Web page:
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The Rev. Al Sharpton fired a stinging response Monday to the Florida sheriff at the center of the latest “Stand Your Ground” law controversy, comparing him to southern police officers during the Civil Rights Movement.

See Also: Markeis McGlockton’s Family Hopeful As Prosecutor Considers ‘Stand Your Ground’ Case

Like those law enforcement officers of the 1960s, Pinellas County Sheriff Bob Gualtieri views civil rights leaders as “outside agitators” when they’re invited into their town to shine a spotlight on the killing of unarmed Black people, the Tampa Bay Times reported.

Gualtieri had called on Sharpton to “go back to New York” and “mind your own business” after the National Action Network leader spoke at a rally Sunday in a Clearwater church for Markeis McGlockton, who was killed last month by a white gunman who claimed self-defense under the state’s Stand Your Ground law. Gualtieri refused to arrest the shooter because, he said, the law prevents prosecution if someone legally armed fears for his or her life during an encounter.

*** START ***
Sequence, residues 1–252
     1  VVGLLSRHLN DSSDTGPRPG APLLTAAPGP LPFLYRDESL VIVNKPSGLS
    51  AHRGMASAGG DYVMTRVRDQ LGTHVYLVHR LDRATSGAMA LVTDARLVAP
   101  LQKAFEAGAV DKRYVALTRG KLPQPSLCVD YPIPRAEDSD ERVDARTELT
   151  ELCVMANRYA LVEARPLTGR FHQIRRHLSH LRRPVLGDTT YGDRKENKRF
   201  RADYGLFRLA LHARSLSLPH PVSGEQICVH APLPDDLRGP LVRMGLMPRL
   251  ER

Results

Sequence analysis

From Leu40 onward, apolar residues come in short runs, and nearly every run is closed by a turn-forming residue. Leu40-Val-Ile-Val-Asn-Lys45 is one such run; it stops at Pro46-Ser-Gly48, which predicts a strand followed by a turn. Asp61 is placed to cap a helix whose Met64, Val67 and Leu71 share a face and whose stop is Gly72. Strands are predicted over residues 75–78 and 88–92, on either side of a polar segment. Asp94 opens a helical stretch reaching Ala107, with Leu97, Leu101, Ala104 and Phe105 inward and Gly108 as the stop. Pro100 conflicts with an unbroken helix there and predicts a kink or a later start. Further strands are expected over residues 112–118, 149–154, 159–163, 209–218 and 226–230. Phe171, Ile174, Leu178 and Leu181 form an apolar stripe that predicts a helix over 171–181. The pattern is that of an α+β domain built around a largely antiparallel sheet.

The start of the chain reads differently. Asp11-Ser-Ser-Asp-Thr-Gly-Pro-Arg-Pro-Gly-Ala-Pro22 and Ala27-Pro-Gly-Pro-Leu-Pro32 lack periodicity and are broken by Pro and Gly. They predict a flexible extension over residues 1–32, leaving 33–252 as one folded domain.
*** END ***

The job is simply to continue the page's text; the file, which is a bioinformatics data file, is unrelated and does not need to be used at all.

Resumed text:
“I came at the invitation of the family and literally thousands of people in his (Gualtieri) county,” Sharpton responded to the sheriff’s remarks. “Additionally, five candidates for governor joined me because he did not take care of his business. It would not be necessary for me to do so if he took care of his own, and until he does I will keep coming to Clearwater.”

McGlockton, 28, was gunned down on July 19 by 47-year-old Michael Drejka in the parking lot of a Clearwater convenience store. McGlockton pushed Drejka to the ground after McGlockton came out the store and saw Drejka arguing with his girlfriend about a handicapped parking space.

Gaultieri said the next day that he wouldn’t charge Drejka with a crime. Following protests from the Black community, some gun rights advocates, including lawmakers and even the NRA, argued that Gaultieri misinterpreted the law. But the sheriff doubled down on his decision.

State Attorney Bernie McCabe, who oversees Pinellas County matters, received the controversial case on Wednesday. He will have the final say on whether Drejka will face justice.


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